Indian Pediatrics 2001; 38: 534-539
Evaluation of Growth Hormone Secretion and Insulin-like Growth Factor I in Children with Thalassemia
Growth retardation has been reported to occur in most patients with thalassemia major(1-4). This is believed to be due, at least in part, to a direct effect of iron overload on the endocrine mechanisms of puberty. Growth Hormone (GH) impairment at different levels (hypothalamic or pituitary) and/or reduced insulin like growth factor 1 (IGF-1) synthesis have been suggested to be the main causes of stunned growth in these patients. We, therefore evaluated the relationship between GH, IGF-I and growth parameters in beta-thalassemia patients.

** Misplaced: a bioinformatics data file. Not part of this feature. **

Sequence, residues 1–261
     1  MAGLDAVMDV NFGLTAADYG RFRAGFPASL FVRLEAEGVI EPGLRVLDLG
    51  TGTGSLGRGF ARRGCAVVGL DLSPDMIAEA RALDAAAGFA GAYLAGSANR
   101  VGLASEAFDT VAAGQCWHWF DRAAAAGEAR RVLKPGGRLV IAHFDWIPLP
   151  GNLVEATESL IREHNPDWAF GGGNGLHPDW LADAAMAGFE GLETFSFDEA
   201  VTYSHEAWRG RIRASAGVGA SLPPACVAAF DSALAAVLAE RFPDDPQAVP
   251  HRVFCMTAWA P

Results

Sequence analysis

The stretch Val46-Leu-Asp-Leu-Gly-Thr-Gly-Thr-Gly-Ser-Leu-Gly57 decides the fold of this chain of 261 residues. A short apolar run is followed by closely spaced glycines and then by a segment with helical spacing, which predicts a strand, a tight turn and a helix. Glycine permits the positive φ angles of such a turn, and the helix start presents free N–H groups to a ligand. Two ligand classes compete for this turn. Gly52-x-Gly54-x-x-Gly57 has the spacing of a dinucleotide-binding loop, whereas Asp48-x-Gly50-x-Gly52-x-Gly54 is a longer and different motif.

Twenty children with beta-thalassemia major (12 girls and 8 boys), ranging in age from 2 months to 14 years were studied. Height and weight were measured and stand-ard deviation scores (SDS) were calculated according to local standards(5). Bone ages were assessed from hand X-rays according to the Greulich and Pyle Atlas(6). GH stimulation test with oral L-dopa (patients over 22.5 kg, 500 mg; 11 to 22.5 kg., 250 mg; below 11 kg, 125 mg) was performed in every subject and a second test, insulin induced hypoglycemia (ITT: regular insulin, 0.1 U/kg IV) was performed in the subjects whose GH values were below 10 ΅g/L. GH was measured by RIA (ICN Biomedicals Diagnostics Division, Inc. RSL 124 I Growth Hormone, U.S.). IGF-I was measured in morning serum samples after acid ethanol extraction by RIA (Fa. Nichols, Cal., USA). Reference for normal standards was used from literature(7). IGF-I SDS values were calculated using the formula (IGF-I1 - mean IGF-I1)/SD1 for prepubertal patients and the correction formula (b ΄ age + a) was used instead of IGF-I1 for pubertal children(7). Results were expressed as mean ±SEM and correlation analysis was used as statistical method.